Intersectional identity affects suicide risk for lesbians, gays, bisexuals
A study has determined that intersectional identity could compound the suicide risk for some lesbian, gay, and bisexual adults.
Intersectional identity involves multiple social identities, i.e. intersection of sexual identity and other aspects of identity like gender, age, and race and ethnicity.
The study was conducted by researchers at the National Institute of Mental Health (NIMH), which is part of the National Institute of Health.
The findings will be published in the American Journal of Preventive Medicine.
Higher suicide risk among lesbians, gays, and bisexuals
The study examined data from the National Survey of Drug Use and Health (NSDUH), a nationally representative survey of civilian adults in the US.
Previous research had indicated that as a group, those who identify as lesbian, gay, or bisexual adults have higher rates of suicidal thoughts, plans, and attempts as compared to straight adults.
New research indicates that– taking demographic factors into account– suicide risk was three to six times greater for lesbian, gay, and bisexual adults versus straight adults.
This cuts across every age group, as well as race and ethnicity categories.
For gays and bisexual men, 12 percent to 17 percent had thought about suicide in the past year, while five percent had made a suicide plan, and two percent had made a suicide attempt.
For lesbians and bisexual women, 11 percent to 20 percent had thought about suicide, seven percent had made a suicide plan, and about three percent had made a suicide attempt.
Intersectional identity among lesbians, gays, and bisexuals
Taking intersectional identities into account, data among gays and bisexual men showed no difference in suicide risk according to race and ethnicity.
But among lesbians and bisexual women, black women had lower risk of suicidal thoughts and plans as compared to white women.
Furthermore, white or black women identifying as bisexuals were more likely to report suicidal thoughts in comparison to white or black women identifying as lesbians.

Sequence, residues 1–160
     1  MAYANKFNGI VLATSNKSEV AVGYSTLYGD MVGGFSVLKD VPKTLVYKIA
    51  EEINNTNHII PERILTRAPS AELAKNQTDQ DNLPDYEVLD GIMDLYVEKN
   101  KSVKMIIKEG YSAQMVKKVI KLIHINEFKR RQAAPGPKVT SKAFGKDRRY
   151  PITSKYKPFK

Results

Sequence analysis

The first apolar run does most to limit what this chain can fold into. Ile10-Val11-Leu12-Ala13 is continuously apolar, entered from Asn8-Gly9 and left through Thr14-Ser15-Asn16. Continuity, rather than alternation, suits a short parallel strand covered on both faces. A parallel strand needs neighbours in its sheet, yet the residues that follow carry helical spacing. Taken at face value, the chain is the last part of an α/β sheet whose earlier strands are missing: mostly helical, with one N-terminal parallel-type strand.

In terms of age, suicidal thoughts were relatively higher in bisexual women in the 35-64 group versus lesbians in the same age group.
Overall, lesbian, gay, and bisexual adults are overall more likely to report suicide-related thoughts, plans, and attempts within the past 12 months in relation to straight adults.
Data for this study was taken from 2015– when the NSDUH first used questions about sexual identity– to 2019. The data set includes a total of 191,954 participants, of which 14,693 identified as lesbians, gays, or bisexuals.
Importance of including intersectional identity in surveys
While the researchers admitted that the NSDUH data have limitations, the findings indicate that lesbians, gays, and bisexual adults aren’t a uniform group when it comes to suicide risk.
Rajeev Ramchand, the lead author of the study, said: “This study sets the stage for future work investigating the impact of social inequalities on suicide risk among people with multiple social identities.”
Ramchand, who is NIMH Senior Advisor on Epidemiology and Suicide Prevention, noted that this study highlights the importance of checking for sexual identity in national data collection efforts.
It also underlines the need for suicide prevention services to address specific needs and experiences of lesbians, gays, and bisexual adults of different genders, ages, and race and ethnic groups.